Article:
As required

560

Other Planned Audit Projects

17-13

Contact Hours Reporting

Review of the process for reporting contact hours to the Texas Higher Education Coordinating Board.

560

17-14

*Student Financial Aid Operations

Review of operational processes and compliance with applicable regulations including security and privacy of student records.

560

17-15

*Web Presence

Review the process for approval and posting of Student Catalog.

560

* Rollover project from 2016 Audit Plan 

Attachment I

FY 2017

High Risk Audit Candidates 

Accreditation

  • Fifth Year Interim Report
  • Degrees and Certifications

Regulatory Compliance

  • Affordable Care Act
  • Title IX
  • Violence Against Women Act (VAWA)
  • Clery Act - timely warnings and emergency notifications, victim options and campus crime reporting processes
  • Contracting Process
  • Student Financial Aid (consider coverage in external auditor financial audit)
  • Contact hours reporting to the Texas Higher Education Coordinating Board for state funding
  • Regulatory compliance training
  • Government funding formula changes - monitoring and preparedness
  • Taxation rule changes - monitoring and preparedness

Bond Construction Management (R L Townsend auditing)

IT

  • Cybersecurity (also consider internal/external penetration assessment)
  • Data Security

Reputation

  • Delegation of Authority
  • Trustees, Chancellor and Executive expenditures

Grant Portfolio Management (consider that funders usually audit grants)

Fraud and Other Special Investigations

Third Party Relationships/Vendor Management

Business Continuity Plans (Plan developed by Risk Management in 2016)

Asset Management (consider coverage in external auditor financial audit)

Lab Safety

Campus Security

Internal Audit Standards

The Standards for the Professional Practice of Internal Auditing published by the Institute of Internal Auditors, Inc., generally accepted governmental auditing standards and the certified Internal Auditor Code of Professional Ethics shall serve as guidelines for Houston Community College System internal audit activities as required by the Texas Internal Auditing Act.

* Standards for the Professional Practice of Internal Auditing - issued by the Institute of Internal Auditors.

* Generally Accepted Governmental Auditing Standards - issued by the US General Accounting Office, Comptroller General.

* The Certified Internal Auditor Code of Professional Ethics - issued by the Institute of Internal Auditors.

Responsibilities

In accordance with Board Policy, Internal Audit is responsible for assessing the various functions and control systems within HCCS and for advising management concerning their condition. The fulfillment of this accountability includes:

  • Developing a flexible risk based annual internal audit plan with input from Senior Management and the Board of Trustees as required by IIA Standard 2012. A1 and submit the audit plan to the Audit Committee for review and the Board for approval.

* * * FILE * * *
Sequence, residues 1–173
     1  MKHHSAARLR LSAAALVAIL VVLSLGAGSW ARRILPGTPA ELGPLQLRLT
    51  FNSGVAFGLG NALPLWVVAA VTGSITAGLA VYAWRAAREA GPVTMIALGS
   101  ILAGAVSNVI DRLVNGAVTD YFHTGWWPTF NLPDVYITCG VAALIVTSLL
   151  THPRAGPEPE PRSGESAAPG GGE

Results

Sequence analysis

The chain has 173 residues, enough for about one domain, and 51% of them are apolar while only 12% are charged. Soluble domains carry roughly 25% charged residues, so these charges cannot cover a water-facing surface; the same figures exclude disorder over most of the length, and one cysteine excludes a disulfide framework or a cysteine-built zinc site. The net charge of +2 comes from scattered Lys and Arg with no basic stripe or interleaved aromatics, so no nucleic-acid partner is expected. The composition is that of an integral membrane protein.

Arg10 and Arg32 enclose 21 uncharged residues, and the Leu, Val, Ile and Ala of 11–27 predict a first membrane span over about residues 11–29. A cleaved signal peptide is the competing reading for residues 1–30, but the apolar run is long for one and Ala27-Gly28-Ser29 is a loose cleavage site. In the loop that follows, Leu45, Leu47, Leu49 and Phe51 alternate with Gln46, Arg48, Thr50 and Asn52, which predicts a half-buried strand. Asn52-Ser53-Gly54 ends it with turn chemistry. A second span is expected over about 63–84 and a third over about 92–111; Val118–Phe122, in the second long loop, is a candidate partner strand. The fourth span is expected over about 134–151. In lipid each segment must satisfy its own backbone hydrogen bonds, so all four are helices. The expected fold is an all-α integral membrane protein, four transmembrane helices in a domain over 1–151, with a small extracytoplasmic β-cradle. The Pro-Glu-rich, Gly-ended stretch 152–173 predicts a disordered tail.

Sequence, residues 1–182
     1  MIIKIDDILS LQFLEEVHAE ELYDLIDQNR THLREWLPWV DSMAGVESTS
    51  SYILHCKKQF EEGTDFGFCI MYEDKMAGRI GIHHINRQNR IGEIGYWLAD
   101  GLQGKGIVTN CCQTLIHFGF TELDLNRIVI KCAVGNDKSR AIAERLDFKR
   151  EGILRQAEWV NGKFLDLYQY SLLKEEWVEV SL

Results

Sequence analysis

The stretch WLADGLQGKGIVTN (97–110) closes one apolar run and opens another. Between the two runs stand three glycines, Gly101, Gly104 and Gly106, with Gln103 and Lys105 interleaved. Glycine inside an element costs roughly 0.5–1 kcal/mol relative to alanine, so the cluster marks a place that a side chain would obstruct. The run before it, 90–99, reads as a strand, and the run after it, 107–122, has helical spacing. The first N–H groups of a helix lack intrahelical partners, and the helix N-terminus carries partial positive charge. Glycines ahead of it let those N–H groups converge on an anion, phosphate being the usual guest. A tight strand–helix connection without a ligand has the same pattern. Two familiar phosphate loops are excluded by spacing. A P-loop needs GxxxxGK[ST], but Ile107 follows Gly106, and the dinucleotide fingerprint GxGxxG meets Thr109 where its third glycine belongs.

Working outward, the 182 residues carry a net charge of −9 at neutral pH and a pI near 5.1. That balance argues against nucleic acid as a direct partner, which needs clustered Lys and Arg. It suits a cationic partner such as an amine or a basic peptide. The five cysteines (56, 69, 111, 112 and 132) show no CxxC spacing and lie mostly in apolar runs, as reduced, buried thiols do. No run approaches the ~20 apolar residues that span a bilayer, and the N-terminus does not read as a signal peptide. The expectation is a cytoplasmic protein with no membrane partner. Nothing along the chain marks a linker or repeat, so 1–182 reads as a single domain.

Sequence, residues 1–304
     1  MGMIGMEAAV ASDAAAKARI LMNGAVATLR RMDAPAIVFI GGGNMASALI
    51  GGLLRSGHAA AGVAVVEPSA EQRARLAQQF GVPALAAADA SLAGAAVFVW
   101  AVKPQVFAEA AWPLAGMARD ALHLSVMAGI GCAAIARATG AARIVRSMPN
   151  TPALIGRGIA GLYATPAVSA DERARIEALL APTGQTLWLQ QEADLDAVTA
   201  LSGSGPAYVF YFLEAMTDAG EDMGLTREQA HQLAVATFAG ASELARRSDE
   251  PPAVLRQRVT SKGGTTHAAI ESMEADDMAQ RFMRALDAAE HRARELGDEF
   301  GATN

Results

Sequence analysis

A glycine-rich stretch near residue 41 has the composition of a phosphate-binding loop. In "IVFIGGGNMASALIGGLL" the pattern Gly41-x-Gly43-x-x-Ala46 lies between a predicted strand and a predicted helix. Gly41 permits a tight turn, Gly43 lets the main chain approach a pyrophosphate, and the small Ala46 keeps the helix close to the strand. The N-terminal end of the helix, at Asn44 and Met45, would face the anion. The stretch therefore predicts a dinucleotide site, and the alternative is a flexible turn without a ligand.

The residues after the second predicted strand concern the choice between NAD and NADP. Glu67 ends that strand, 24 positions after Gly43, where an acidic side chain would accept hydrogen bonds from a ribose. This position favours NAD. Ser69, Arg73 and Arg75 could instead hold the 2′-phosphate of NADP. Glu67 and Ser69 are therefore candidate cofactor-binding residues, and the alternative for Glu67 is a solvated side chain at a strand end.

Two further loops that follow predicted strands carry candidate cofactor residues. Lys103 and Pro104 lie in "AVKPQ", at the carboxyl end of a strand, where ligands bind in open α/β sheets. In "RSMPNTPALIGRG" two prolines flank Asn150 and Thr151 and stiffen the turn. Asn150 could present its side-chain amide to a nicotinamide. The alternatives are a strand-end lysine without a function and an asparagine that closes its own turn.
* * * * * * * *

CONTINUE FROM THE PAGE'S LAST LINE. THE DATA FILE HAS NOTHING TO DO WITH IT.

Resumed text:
• Reviewing and adjusting the plan, as necessary, in response to changes in the organization’s business, risks, operations, programs, systems, and controls with Audit Committee review and the Board for approval. 
  • Meeting regularly with the Board Audit Committee to provide updates by reviewing audits performed, audits in progress, future audits, and sufficiency of the Department resources.
  • Conducting independent and constructive audits to review effectiveness of controls, financial records, operations, or to review departmental records, the proper recording of transactions, and compliance with applicable rules, regulations, policies, and procedures.
  • Analyzing data obtained for evidence of deficiencies in controls, integrity, duplication of effort, or lack of compliance with College policies and procedures.
  • Conducting audits which examine the effectiveness of the governance, risk management, and internal control processes in promoting the achievement of strategic objectives concerning all reporting, operations, safeguarding of assets, and compliance.
  • Investigating allegations of fraud, waste, abuse and other wrongdoing as appropriate and in accordance with Board Policy, and coordinating such investigations as needed with Legal Counsel or the HCCS Police.
  • Offering Advisory services; Internal Control or Fraud training; Control Self-Assessment (CSA) services, and other audit technique workshops as warranted.
  • Coordinating audit efforts with those of external financial auditors and acting as a liaison for other external auditors.
  • Coordinate efforts with other control monitoring functions within HCCS (risk management, compliance, security, legal, ethics, safety and environment).
  • Maintain a professional audit staff with sufficient knowledge, skills, experience, and professional certifications to meet the requirements of this Charter and ensure that personnel in the Department have appropriate continuing education to foster advancement of technical knowledge and skills.

Approved by the Board of Trustees, October 20, 2016.